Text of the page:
TWO DIFFERENT LANGUAGES
Before coming to Morocco, I make a point of completing the first level of Pimsleur’s Modern Standard Arabic (MSA) course. My thinking is that I want to learn the most “common” language and adjust to the local dialect when I am in the country. After all, most language schools and online resources advise you do exactly that. It isn’t until I arrive to Morocco that I realize that the “dialect” is a serious misnomer, and “adjustment” is not an option. There’s a whole new language – not any more similar to MSA than Polish to Czech or Spanish to Italian – that I have to learn!
Part of the Maghrebi group, Moroccan Arabic (or Moroccan Darija, as it’s known here) is heavily influenced by Berber and French. Moroccans have even unofficially added letters to the Arabic script to represent Berber and French sounds that don’t traditionally exist in Arabic. To an unaccustomed ear, Moroccan has the most unusual consonant clusters and is almost devoid of vowels. To give you an idea, girl is “bnt,” blue – “zrk” and month “shhr.”To many Arab speakers from Egypt or the Gulf, Moroccan sounds simply unintelligible.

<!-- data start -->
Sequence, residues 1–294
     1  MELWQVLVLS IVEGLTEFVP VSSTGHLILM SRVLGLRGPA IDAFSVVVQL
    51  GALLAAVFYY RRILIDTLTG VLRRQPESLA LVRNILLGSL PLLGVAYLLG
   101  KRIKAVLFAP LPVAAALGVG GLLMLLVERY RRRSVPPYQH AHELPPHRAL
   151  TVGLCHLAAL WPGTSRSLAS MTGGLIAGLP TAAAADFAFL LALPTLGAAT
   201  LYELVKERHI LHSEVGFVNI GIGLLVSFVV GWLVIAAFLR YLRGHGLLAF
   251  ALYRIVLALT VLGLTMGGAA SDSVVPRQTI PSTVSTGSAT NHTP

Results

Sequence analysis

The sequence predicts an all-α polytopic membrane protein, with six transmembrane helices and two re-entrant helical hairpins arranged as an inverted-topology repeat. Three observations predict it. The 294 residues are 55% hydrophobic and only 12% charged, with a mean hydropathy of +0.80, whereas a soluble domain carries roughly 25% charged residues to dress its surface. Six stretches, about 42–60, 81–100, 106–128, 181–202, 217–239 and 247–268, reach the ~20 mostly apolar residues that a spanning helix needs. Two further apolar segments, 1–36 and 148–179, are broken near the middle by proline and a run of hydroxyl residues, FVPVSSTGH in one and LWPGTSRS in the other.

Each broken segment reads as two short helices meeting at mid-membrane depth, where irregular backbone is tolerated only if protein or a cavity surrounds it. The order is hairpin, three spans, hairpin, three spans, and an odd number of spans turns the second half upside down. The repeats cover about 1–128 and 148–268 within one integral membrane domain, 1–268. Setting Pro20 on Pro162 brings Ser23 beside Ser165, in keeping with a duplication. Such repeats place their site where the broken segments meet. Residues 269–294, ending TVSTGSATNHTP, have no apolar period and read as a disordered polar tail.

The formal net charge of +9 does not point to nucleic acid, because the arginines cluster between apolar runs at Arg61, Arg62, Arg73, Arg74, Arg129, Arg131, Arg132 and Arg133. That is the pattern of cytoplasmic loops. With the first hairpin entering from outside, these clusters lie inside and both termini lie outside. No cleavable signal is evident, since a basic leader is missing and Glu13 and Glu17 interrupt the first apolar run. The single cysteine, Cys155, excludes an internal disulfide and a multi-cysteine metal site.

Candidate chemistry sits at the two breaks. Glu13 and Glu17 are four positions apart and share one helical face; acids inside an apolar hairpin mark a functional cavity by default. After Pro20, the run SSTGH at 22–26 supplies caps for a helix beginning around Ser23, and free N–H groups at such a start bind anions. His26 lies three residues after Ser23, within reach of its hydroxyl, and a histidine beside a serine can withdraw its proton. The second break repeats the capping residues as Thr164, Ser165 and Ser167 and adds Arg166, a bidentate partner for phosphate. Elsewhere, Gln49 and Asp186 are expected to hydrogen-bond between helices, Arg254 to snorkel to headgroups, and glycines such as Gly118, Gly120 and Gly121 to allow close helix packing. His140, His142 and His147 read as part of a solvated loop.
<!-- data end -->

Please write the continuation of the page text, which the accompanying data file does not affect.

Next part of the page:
DARIJA or MSA?
Reluctant to let go of my Pimsleur lessons, I decide to learn MSA and the dialect in parallel. Big mistake! I am able to ignore how confused I am only till we get to grammar. Eight (8) conjugation forms in Darija and thirteen (13!!) in MSA provide a quick reality check on my progress and state of confusion. Faced with the dilemma of which language to choose, I come up with a list of Pros and Cons:
To me, it is the here and now factor that takes precedence over everything else. I am in Morocco, and learning a language that I may or may not use sometime down the road, while missing out on the opportunity to pick one up now, just seems crazy.
Regardless of where you are headed to in the Arab speaking world, most people do not speak MSA. They use their regional dialects. Moreover, Arab speakers from different regions tend to adjust to each other’s dialects rather than speak MSA. And to greater or lesser extent, they all have vocabularies, grammar, and pronunciation that are different from MSA. So if you are learning Arabic to improve your travel experience, make friends, and get a better feel for the culture, start with the dialect. At the same time learn to read. Practice on storefronts and road signs. Once comfortable with your conversation skills and ready to start following the news, reading literature and conversing with Arabic scholars, move on to MSA. And if you are traveling to another region, learn another dialect! As with the Roman languages, the next one will only come more natural to you.